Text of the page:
©1971 by Ursula K. Leguin.; (P)1997 by Blackstone Audiobooks
"What Science Fiction is supposed to do." (Newsweek)
Middle School teacher with a 100 miles round-trip daily commute; which I could never maintain all these long years without audible books.
If you like appocaliptic stories that are ironic, make-ya-think science fiction, then this is for you. Only it's not really that hard to comprehend; like it might've been perhaps in less capable hands than that of Le Guin. I'd like to send a heartfelt thanks to Ms. Le Guin for penning Lathe of Heaven and I'm sorry I'm late to discovery of such of fab tale. I shall be re-reading it soon for sheer enjoyment and maybe even edification,hahah. Oh did I mention exquistite gender-bending bits thrown in like chips in a chocolate cookie?
Here Le Guin plays with wild fantasy and manages to comment on society, people, psychology, relations, power etc. etc. And all in a relatively light humorous tone. It is also very well read! My wife, who normally does not like to much fantasy, also loved this one.
"The Lathe of Heaven" joins "The Dispossessed" and "The Left Hand of Darkness" as Ursula Le Guins greatest pieces of work, and all three some of the most intriguing novels of the science-fiction genre. The "Lathe of Heaven" is written in a subdued style with well developed characters and an unusual story. The narrator Susan O'Malley was a good choice to convey the characterization and the story's constrained atmosphere.
Typical of LeGuin, this is a pretty dark view, but the unlying philosophy is thought provoking and worth your time. The narrator's flat intonation style, which might have been meant to enhance the darkness or gloom of the story, really put me off and made the reading feel monotonous at times.
"Lathe of Heaven" is one of my all time favorite books. And I read - a lot. I've read this particular book at least ten times and each time I find something new.
But the audio version made me cringe. The narrator was just not right for the book. All the lyric passages and dream-like rifts were lost in the dull uninteresting voice. Maybe it was just a bad match between book and narrator - maybe my intense love for this book doomed ANY narrator.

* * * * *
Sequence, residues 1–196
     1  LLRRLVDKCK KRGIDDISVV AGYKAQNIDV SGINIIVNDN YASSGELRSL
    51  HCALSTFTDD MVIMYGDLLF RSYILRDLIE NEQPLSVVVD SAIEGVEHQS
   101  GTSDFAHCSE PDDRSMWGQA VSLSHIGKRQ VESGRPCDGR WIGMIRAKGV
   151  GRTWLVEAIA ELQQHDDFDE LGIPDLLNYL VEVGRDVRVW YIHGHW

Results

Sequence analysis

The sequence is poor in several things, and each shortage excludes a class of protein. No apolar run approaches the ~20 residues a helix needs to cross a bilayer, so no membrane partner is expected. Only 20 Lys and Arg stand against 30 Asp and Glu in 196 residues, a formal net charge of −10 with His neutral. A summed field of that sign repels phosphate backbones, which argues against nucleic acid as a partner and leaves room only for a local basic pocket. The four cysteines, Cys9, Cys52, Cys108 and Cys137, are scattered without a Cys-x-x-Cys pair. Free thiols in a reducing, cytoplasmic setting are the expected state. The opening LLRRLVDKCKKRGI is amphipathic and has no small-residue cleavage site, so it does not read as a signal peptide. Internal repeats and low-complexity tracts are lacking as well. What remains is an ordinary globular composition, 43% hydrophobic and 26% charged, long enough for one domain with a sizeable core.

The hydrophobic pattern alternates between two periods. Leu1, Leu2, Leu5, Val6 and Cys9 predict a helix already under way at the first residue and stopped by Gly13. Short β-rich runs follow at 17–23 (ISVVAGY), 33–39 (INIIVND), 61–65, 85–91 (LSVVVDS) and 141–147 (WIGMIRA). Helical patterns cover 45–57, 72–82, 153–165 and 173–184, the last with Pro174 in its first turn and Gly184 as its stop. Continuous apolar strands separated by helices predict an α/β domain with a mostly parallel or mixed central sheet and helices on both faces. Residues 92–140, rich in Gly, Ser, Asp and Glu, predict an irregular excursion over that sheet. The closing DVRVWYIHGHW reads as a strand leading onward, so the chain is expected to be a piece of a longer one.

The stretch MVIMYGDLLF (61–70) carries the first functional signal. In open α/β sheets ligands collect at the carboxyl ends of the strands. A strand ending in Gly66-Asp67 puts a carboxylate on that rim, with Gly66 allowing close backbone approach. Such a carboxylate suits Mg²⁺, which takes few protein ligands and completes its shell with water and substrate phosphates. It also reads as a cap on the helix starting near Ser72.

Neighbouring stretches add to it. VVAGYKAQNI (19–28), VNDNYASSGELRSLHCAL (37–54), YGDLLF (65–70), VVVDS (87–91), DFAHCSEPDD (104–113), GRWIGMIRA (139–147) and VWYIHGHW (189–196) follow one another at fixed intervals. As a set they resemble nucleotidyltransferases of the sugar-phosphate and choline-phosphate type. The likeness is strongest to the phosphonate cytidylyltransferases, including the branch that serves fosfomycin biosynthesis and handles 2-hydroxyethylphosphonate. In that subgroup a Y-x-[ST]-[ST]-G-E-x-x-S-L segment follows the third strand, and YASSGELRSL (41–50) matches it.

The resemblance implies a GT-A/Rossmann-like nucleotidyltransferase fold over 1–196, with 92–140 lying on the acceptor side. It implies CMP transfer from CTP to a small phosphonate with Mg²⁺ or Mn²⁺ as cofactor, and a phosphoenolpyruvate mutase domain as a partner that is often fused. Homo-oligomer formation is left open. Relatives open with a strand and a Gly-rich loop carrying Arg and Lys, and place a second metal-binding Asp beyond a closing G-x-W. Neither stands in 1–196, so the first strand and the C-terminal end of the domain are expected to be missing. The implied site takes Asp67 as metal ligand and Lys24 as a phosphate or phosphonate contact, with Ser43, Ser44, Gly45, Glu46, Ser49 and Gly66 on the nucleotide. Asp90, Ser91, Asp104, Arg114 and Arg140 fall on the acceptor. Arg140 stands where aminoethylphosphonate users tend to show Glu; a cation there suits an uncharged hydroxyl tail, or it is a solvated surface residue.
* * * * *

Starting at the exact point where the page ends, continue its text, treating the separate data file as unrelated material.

I'll continue to read "Lathe of Heaven" - but I won't ever listen to it again.
Unfortunately, Ms. O'Malley clearly said, "Haber" instead of "Heather" in the last paragraph of the book (time 14:29, last chapter). As reviewer Kim (10-01-14) stated, this completely changes the interpretation at the end of the book.
Audible, please fix this!
A school administrator and avid reader and listener of books. At least an hour of every day is spent in the car, and that's where the bulk of my listening is done. I tend to listen to books on "faster" mode so I can get through more books!
I think I got this book as a daily deal, and I hope so, because it's not worth much money or a credit. The story is about a man whose dreams come true, and not in the "oh look, a puppy!" kind of a way. Rather, the bizarre thoughts that ramble in his unconsciousness kind of a way. There was a brief moment where I thought the book would be quality, but it passed quickly and in the end, ho hum.
Note on narration: why do narrators not confirm the pronunciations of locations? In this one, Willamette is mispronounced throughout the book and all I could think of was the refrain “it’s the Wi-LAM-it, damn it.” Get it right, folks.
This main character has the ability to change the world with his dreams. The way the book started off was quite intriguing. However, the progression of the story and the way the book ended was disappointing.
This would make a great film.
The narrator pronounced words incorrectly (like "corotid") and actually said the WRONG name at the end of the book, which made a huge difference in perspective and completely changed my idea of what happened. I had to go to the book to ensure it was an error.
No. i first read this book in the mid-80s and still recall staying up all night because it was too exhilarating to put down. Le Guin is still my all-time fave author, and I still love this book, but this narrator didn't have a feel for the characters or exposition. It's stange because O'Malley is normally much better, as in the Amelia Peabody mysteries.
Too flat on the characters and too rushed in the lovely Daoist imagery of the exposition,
This gem of a novel fits into a particular moment in scifi--early 70s, Cold War, environmentalism first emerging. It's a parable about western rationality vs. eastern intuition through Daoism. It deserves a better performance. Read the novel yourself, or watch the televisted version from the late 70s or early 80s.
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